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|At least five gay candidates on Ga. ballot|
|Written by Laura Douglas-Brown|
|Friday, 16 September 2011 00:00|
At least five openly gay candidates will appear on Nov. 8 ballots for local government seats in Georgia, although one is unopposed for re-election.
Kecia Cunningham, who in 1999 became Georgia’s first African-American openly gay elected official, is unopposed in her bid for another four-year term on the Decatur City Commission.
Cunningham represents District 2, Post B, on the nonpartisan commission in the gay-popular Atlanta suburb. The official candidate qualifying period for November’s election began Aug. 29 and ended Sept. 2.
No candidates qualified to run against Cunningham. During her time on the commission, Cunningham was a leading proponent of the city adopting a domestic partner benefits policy for its employees.
At least two gay candidates will be on the ballot for East Point City Council.
Openly gay incumbent East Point City Councilmember Lance Rhodes faces two challengers in his bid for reelection to represent Ward B: Marie T. Williams and Karen Rene.
Rhodes has already been endorsed by statewide gay political group Georgia Equality and the National Lesbian & Gay Victory Fund.
“During my two terms in office, East Point citizens have demonstrated vision and a steadfast resolve to support equal rights within the LGBT community,” Rhodes said in February when he received the endorsements. “We have seen a range of actions from the adoption of Domestic Partner Benefits to the inclusion of the LGBT community in our City Charter.”
Kenneth DeLeon, who is gay and came close to winning a seat on the East Point Council in 2009, qualified to run against incumbent Myron B. Cook in Ward C. Nanette Saucier is the third candidate in that race.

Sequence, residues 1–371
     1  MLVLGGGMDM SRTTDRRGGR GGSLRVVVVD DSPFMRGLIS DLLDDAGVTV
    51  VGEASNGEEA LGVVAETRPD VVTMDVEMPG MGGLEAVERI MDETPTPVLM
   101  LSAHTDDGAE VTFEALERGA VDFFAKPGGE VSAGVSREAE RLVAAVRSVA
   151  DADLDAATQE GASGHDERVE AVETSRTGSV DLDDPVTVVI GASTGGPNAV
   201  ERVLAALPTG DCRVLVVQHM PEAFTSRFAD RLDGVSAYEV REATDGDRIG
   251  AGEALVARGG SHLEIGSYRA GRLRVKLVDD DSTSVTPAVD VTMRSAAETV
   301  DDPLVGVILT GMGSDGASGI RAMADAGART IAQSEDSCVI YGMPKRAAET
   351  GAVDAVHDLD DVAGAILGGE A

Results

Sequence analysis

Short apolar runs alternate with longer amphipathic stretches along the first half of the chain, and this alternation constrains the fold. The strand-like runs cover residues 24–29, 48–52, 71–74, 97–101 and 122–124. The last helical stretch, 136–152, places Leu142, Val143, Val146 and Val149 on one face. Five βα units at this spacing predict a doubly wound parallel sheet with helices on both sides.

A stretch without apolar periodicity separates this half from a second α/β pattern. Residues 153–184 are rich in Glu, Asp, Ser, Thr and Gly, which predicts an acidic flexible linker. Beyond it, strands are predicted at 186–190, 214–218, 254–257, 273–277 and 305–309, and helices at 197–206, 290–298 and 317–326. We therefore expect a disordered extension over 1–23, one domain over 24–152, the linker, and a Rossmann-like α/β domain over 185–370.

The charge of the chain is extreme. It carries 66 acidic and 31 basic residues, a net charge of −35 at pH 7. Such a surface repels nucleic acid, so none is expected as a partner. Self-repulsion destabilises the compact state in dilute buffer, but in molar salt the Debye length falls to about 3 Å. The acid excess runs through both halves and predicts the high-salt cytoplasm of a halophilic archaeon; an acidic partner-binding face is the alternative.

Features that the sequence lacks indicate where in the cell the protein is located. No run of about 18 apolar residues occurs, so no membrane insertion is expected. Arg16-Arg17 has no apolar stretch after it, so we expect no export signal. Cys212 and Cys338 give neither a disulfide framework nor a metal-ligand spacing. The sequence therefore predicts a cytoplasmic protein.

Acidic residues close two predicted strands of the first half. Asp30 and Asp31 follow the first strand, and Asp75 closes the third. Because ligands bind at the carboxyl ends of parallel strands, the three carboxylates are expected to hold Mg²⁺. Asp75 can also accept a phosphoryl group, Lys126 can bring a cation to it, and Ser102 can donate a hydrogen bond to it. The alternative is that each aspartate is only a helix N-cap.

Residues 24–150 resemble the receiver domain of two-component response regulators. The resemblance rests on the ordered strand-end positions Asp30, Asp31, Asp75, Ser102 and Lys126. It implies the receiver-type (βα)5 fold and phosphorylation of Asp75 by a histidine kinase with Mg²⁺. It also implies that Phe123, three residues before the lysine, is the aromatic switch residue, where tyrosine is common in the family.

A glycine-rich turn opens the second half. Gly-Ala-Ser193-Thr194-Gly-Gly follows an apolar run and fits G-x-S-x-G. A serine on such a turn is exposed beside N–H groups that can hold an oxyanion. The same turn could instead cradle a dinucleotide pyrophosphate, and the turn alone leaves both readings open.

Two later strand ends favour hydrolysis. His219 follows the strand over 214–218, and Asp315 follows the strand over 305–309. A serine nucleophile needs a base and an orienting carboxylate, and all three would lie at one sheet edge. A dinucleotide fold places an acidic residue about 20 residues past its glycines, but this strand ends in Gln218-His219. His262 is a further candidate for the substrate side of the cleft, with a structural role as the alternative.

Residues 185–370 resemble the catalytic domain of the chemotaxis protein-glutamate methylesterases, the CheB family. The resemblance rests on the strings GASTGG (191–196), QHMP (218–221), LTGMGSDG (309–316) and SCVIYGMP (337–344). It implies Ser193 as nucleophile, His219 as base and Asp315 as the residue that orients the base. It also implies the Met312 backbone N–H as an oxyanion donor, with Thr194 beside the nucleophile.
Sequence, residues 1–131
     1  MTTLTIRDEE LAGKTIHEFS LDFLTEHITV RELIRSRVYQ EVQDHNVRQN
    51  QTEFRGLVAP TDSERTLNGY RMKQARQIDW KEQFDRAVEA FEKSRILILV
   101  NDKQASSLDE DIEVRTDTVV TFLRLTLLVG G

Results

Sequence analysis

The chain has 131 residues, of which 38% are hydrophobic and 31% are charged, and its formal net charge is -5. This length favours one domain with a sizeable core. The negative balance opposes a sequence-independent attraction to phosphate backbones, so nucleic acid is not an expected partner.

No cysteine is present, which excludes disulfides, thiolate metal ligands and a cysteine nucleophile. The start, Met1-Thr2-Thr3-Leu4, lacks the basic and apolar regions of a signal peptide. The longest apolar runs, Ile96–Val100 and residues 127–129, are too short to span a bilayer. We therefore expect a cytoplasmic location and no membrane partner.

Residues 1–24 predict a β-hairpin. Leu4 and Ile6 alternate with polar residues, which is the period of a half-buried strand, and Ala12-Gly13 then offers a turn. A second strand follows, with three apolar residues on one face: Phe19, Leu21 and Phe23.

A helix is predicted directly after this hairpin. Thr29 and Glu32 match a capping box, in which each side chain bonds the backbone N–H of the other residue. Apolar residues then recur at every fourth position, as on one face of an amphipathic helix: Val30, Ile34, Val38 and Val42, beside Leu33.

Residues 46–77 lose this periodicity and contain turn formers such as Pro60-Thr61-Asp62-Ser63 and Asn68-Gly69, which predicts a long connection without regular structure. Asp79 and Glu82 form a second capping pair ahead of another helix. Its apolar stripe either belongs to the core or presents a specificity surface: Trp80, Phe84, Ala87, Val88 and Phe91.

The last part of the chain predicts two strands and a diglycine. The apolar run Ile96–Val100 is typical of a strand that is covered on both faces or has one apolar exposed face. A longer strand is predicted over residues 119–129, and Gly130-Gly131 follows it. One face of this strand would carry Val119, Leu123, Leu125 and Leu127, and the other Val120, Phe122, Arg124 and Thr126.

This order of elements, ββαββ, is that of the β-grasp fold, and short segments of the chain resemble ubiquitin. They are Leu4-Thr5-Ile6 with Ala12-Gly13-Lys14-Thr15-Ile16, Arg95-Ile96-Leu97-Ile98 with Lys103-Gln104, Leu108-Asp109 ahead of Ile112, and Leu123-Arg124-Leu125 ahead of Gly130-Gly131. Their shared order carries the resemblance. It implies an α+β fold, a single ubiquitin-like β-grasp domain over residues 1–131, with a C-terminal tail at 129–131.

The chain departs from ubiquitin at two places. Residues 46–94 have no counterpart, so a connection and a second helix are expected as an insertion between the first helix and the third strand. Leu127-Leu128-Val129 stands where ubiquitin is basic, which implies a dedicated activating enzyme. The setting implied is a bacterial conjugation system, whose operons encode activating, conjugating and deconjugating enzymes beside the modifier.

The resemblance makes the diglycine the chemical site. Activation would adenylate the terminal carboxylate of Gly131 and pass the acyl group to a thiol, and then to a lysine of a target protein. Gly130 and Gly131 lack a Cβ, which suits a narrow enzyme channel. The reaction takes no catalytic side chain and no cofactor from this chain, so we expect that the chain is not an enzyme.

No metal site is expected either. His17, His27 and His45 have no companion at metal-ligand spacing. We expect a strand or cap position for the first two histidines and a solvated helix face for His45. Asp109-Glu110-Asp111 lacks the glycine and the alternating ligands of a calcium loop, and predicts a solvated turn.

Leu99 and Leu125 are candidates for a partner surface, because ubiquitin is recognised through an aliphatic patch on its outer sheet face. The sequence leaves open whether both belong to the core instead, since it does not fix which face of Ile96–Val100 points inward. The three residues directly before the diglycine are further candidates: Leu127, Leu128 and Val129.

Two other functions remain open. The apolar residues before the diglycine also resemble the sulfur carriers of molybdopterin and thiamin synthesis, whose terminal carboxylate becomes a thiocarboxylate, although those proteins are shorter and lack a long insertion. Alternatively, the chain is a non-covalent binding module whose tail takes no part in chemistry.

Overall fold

Milton City Council member Alan Tart, who is gay and lives in the North Fulton city with his partner and daughter, will face Lance Large on the November ballot for the council’s District 6 seat.
Tart, who is seeking his second term on the council, has been open about his family during his previous campaign and in his biography on the Milton City Council website, but was not known to gay political groups until earlier this summer.
“I knew from the onset that I did not want to hide who I was. I’m proud of who I am. But I did not want sexuality to be at the forefront of the job,” Tart told the GA Voice in an interview in June.
Pam Miller is running for the District 4 seat on the Savannah City Council and will face incumbent Mary Ellen Sprague on the November ballot.
Georgia Equality hosts a reception Sept. 21 for Miller, who is endorsed by GE and the Victory Fund. If successful in November’s election, Miller would be the city’s first openly gay elected official.
Georgia currently has 12 known openly gay elected officials, including three state legislators.
Top photo: Decatur City Commissioner Kecia Cunningham, Georgia’s first openly gay African-American elected official, did not draw a challenger for her re-election bid. (via Facebook)
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